plot(xmat[,1], type = 'l') lines(xmat[,2], col = 'red') lines(xmat[,3], col = 'green') lines(xmat[,4], col = 'blue')
However, this is both tedious, and causes problems because, among other things, by default the axis limits are fixed by
plot to fit only the first column.
Much more convenient in this situation is to use the
matplot function, which only requires one call and automatically takes care of axis limits and changing the aesthetics for each column to make them distinguishable.
matplot(xmat, type = 'l')
Note that, by default,
matplot varies both color (
col) and linetype (
lty) because this increases the number of possible combinations before they get repeated. However, any (or both) of these aesthetics can be fixed to a single value...
matplot(xmat, type = 'l', col = 'black')
...or a custom vector (which will recycle to the number of columns, following standard R vector recycling rules).
matplot(xmat, type = 'l', col = c('red', 'green', 'blue', 'orange'))
Standard graphical parameters, including
xmin, work exactly the same way as for
plot. For more on those, see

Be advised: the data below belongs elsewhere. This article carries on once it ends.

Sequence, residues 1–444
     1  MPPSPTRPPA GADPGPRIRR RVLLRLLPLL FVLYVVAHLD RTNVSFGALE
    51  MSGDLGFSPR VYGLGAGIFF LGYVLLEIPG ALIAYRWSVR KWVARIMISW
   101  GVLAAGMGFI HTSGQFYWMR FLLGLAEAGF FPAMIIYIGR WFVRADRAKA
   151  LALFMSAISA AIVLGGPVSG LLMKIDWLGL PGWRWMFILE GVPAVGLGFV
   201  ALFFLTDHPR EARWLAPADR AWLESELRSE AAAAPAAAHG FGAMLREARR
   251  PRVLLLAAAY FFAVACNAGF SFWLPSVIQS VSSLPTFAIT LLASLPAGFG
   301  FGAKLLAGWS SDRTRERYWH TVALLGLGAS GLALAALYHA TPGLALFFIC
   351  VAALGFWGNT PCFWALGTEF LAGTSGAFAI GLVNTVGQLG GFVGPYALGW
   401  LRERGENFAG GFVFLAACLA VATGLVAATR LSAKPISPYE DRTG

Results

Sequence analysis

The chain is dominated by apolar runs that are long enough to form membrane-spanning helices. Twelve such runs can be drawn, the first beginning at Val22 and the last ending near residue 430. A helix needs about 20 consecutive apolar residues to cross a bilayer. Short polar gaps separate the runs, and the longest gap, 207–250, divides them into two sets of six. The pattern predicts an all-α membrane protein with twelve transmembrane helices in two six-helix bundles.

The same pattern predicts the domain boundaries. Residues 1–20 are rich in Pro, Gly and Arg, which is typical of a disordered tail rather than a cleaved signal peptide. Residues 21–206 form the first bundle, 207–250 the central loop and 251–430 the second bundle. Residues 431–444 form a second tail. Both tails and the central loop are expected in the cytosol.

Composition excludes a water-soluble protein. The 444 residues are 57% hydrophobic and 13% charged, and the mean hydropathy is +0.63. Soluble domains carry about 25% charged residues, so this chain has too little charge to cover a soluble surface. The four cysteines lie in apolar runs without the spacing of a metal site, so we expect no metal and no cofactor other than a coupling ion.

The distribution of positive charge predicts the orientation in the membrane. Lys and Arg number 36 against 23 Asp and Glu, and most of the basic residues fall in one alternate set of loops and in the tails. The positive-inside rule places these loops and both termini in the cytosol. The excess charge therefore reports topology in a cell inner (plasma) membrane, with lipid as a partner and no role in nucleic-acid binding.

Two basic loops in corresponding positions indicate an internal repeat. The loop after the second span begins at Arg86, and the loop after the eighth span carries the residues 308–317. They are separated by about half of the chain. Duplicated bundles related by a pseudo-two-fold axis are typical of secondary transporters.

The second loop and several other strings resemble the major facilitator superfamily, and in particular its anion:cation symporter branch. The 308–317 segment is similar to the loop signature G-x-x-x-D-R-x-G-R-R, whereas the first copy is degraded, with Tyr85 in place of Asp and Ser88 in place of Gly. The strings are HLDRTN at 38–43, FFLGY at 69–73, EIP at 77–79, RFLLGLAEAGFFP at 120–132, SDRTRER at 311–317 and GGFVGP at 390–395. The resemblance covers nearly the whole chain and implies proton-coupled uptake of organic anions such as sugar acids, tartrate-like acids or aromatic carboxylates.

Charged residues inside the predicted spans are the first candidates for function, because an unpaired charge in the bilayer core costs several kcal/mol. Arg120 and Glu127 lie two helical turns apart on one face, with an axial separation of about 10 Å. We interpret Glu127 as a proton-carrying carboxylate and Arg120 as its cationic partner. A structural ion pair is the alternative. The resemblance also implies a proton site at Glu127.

plot, if given only one object,
matplot assumes it's the
y variable and uses the indices for
y can be specified explicitly.
matplot(x = seq(0, 10, length.out = 100), y = xmat, type='l')
In fact, both
y can be matrices.
xes <- cbind(seq(0, 10, length.out = 100), seq(2.5, 12.5, length.out = 100), seq(5, 15, length.out = 100), seq(7.5, 17.5, length.out = 100)) matplot(x = xes, y = xmat, type = 'l')
Histograms allow for a pseudo-plot of the underlying distribution of the data.
hist(ldeaths, breaks = 20, freq = F, col = 3)
It's often useful to combine multiple plot types in one graph (for example a Barplot next to a Scatterplot.) R makes this easy with the help of the functions
par uses the arguments
mfcol to create a matrix of nrows and ncols
c(nrows, ncols) which will serve as a grid for your plots. The following example shows how to combine four plots in one graph:
par(mfrow=c(2,2)) plot(cars, main="Speed vs. Distance") hist(cars$speed, main="Histogram of Speed") boxplot(cars$dist, main="Boxplot of Distance") boxplot(cars$speed, main="Boxplot of Speed")